Last Drinks in Adelaide
Kathryn Hummel (University of South Australia, Australia)
It’s a town that oppresses everywhere but near the sea.
So we toast the leaving of one
who is always going and coming again.
Near the pier where Pip got kicked (we think)
by a bogan out-of-towner,
we take in our drinks; at the same time the sea.
Beyond the verandah the dusty blue sky
is split at the horizon by a burnished band:
Bel’s outside there with her Benson and beer.
Orange hair crackling under the sodium glare,
with the backdrop of a bluestone wall
she might just be a goddess filling the sky.
Whatever has been under these plastered arches
is now just past. We talk about kung-fu,
nothing to do with real life or what faces us tomorrow.
Bel’s wisdom encourages each subsequent sip,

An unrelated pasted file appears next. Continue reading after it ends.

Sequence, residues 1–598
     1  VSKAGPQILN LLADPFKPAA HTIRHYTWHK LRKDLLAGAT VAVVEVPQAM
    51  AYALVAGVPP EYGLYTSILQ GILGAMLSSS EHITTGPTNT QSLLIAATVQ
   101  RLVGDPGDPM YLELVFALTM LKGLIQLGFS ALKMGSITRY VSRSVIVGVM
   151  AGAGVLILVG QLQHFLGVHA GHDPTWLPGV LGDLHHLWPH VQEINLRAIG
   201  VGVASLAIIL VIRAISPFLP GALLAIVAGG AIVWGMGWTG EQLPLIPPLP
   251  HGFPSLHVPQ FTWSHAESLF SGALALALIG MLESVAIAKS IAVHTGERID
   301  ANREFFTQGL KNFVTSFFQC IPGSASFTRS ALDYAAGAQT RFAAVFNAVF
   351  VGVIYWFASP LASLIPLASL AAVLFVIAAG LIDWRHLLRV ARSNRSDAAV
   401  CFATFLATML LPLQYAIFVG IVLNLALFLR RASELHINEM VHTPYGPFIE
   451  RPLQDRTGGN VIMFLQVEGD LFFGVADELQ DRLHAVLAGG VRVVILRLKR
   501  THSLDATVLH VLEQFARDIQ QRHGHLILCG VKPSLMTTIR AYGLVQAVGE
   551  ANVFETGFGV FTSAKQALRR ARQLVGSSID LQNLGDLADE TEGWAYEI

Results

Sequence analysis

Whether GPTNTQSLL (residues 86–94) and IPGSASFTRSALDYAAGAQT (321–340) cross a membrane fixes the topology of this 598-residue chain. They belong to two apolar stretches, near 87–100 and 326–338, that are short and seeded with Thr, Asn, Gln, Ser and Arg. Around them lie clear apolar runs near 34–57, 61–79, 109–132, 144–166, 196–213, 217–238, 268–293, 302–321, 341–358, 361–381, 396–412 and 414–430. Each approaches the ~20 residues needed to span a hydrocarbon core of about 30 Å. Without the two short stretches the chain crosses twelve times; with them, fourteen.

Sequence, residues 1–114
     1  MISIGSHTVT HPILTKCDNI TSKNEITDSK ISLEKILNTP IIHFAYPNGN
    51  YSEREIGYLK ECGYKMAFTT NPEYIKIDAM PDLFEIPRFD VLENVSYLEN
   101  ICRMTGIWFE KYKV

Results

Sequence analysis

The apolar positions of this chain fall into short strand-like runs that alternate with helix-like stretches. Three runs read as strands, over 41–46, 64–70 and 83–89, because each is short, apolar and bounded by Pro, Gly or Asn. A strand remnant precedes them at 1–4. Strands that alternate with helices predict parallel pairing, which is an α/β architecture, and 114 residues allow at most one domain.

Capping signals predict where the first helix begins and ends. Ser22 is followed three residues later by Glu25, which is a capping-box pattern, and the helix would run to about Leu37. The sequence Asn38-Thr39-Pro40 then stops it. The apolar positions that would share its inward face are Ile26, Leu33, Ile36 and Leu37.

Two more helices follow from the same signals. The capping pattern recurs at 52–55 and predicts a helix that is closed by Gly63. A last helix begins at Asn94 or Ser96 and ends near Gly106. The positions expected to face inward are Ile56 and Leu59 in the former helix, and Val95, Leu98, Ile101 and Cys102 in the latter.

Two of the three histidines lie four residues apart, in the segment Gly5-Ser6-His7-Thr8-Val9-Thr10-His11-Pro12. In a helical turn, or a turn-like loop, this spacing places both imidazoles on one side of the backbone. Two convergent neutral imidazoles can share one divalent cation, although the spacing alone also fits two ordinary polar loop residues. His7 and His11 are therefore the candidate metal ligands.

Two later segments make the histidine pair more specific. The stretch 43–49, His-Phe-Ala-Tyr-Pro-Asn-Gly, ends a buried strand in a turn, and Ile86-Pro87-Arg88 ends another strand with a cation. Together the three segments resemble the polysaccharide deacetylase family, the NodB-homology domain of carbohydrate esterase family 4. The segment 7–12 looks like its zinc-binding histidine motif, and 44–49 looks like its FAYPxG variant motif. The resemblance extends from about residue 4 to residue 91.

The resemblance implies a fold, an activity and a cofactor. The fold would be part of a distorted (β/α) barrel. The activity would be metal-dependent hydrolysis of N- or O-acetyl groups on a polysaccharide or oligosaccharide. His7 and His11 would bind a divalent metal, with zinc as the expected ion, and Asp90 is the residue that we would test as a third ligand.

Slow on the uptake with your drink there, love.
Just present, with the silhouettes of Norfolk pines, and arches.
And everything else that makes up our home:
playground, public dunnies, kiosk, lights of the harbour.
No-one else in front of us and few cars on the road.
A Monday night with cold beer in a cool breeze.
Our glasses don’t bead. The waves, coming as they ever do
to break over our silence, remind us of home.
Kathryn Hummel is a PhD candidate with the School of Communication, International Studies and Languages at the University of South Australia. Currently she is writing and researching autoethnography, drawing on her experiences of life and work in Bangladesh. Kathryn’s fiction and non-fiction, popular and academic writing has been published in Australia, the US, Nepal, Bangladesh, and India.